“As a developing city, we also want these businesses,” he added. “No one would wish to see them shut down.”

On Thursday last week, the Minister for Internal Security Sheikh Musa Fazil Harelimana cautioned churches against noise pollution during worship, especially at night.

Several churches were identified and shut down for inconveniencing their neighbours.

Rwanda Environment Management Authority (Rema) guidelines consider any sound as noise pollution when it exceeds 80 decibels.

Following the ministerial order, the next day, pastors of four churches – Restoration Church Remera, Shining Light Church, Anglican Church Kibagabaga and ADEPR Kacyiru – were apprehended by the police over noise pollution.

Kigali City police spokesperson Supt Modeste Mbabazi revealed that the clergymen would be charged with noise pollution and inconveniencing the public.

Article 600 of the Penal Code states that any individual found guilty of noise pollution and disturbing the peace of citizens sleeping at night is culpable of one-week imprisonment and an up to Rwf1 million fine.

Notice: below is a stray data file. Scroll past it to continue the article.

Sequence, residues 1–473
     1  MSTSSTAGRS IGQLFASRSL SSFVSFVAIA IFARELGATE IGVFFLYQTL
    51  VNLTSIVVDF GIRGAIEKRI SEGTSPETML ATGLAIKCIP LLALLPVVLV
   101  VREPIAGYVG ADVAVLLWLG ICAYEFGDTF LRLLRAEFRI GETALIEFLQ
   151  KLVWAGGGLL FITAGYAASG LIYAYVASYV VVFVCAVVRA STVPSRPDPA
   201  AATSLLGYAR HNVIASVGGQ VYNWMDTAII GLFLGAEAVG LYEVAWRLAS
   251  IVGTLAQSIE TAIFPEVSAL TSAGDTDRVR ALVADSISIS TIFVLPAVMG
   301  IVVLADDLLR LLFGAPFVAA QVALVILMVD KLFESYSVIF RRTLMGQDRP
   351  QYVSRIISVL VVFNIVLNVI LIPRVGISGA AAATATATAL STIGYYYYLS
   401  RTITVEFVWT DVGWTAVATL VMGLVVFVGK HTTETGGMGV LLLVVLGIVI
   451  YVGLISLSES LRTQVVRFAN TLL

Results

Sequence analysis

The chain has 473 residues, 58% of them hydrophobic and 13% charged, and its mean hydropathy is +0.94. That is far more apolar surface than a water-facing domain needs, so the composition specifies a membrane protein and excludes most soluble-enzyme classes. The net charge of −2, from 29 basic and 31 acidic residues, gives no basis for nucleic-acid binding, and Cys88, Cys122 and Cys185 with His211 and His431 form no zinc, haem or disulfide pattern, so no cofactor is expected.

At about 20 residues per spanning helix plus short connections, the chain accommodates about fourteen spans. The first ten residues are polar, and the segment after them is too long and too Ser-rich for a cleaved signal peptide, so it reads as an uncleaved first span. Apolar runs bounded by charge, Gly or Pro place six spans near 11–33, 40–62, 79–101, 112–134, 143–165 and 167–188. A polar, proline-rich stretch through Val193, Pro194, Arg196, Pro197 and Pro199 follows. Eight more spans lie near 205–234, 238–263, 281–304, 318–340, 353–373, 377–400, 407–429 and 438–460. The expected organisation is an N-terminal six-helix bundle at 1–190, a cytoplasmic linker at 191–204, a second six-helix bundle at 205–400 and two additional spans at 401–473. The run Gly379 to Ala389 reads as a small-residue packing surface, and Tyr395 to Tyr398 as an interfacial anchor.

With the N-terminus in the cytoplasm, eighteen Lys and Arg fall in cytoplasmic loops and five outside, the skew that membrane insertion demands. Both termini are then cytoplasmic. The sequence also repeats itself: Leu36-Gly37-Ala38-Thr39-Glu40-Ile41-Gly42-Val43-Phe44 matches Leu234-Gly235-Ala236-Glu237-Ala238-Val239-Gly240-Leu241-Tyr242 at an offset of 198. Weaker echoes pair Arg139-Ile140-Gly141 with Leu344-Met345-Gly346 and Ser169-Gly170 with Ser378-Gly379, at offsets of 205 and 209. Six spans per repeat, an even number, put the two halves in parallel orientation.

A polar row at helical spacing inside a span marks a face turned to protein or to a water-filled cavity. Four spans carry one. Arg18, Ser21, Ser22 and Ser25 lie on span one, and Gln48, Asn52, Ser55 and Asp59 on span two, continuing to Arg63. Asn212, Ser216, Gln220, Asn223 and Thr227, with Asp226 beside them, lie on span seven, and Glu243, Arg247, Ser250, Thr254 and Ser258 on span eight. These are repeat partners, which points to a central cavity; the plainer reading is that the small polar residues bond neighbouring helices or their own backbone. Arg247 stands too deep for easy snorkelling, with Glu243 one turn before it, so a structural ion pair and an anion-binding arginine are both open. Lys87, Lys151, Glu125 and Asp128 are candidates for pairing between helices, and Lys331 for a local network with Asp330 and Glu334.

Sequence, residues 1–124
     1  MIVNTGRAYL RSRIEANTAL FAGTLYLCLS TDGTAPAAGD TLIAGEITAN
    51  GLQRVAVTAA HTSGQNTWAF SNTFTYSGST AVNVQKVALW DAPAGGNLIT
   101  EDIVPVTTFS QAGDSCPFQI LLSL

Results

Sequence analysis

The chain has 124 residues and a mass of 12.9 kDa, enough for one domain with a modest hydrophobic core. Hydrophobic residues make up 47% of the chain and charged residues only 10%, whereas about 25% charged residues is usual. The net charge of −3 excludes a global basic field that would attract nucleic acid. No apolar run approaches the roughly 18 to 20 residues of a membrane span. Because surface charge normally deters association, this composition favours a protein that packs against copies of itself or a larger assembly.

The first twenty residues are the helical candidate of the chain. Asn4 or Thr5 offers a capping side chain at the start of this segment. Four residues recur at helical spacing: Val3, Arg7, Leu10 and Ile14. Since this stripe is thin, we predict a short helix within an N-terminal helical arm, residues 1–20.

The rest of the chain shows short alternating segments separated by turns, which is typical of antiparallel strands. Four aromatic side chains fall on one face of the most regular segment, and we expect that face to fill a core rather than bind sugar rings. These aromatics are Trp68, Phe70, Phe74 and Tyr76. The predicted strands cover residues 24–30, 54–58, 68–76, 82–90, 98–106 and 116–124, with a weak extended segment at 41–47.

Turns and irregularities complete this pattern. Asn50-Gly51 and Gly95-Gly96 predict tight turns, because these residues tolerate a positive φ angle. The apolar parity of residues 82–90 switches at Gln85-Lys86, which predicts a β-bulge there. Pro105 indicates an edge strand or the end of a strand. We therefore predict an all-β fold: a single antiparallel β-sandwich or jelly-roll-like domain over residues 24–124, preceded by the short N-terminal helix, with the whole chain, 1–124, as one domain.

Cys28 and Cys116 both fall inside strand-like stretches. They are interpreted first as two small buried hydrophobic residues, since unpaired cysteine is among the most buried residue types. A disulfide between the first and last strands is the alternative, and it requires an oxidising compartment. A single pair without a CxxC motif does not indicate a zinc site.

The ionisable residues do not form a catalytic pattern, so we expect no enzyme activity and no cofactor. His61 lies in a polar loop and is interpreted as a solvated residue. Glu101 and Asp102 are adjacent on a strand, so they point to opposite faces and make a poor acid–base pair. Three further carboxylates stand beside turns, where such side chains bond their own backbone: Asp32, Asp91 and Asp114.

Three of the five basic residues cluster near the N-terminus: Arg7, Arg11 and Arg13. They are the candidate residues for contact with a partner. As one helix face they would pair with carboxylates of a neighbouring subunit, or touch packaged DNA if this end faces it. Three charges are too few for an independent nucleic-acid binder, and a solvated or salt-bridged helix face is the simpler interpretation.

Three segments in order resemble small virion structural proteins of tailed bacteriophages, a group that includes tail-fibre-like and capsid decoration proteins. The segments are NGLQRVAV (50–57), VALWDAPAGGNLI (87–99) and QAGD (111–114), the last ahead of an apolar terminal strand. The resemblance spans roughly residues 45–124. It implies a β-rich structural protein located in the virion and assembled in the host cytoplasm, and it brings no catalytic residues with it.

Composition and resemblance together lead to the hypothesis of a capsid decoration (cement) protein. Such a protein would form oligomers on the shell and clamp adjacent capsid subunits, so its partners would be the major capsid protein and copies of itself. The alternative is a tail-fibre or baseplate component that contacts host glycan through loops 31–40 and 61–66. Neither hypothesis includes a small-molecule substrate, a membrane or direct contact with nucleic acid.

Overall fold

Mr Innocent Ruzindana of Shining Light Church, one of those arrested, said churches were finding it difficult to define what amounts to noise pollution.

“As far as I am concerned, before I was arrested I was not making noise,” Pastor Ruzindana said. “I cannot even say that what our public address system emitted amounted to noise.

“Ours is organised communication. There should be a differentiation between noise and genuine communication.”

However, Supt Mbabazi said that, while to those Pastor Ruzindana was preaching to it was communication, those outside the church considered it as noise.

Separately, Mr Harelimana told church heads that even Jesus Christ, the founder of Christianity, was not known to use loudspeakers while preaching.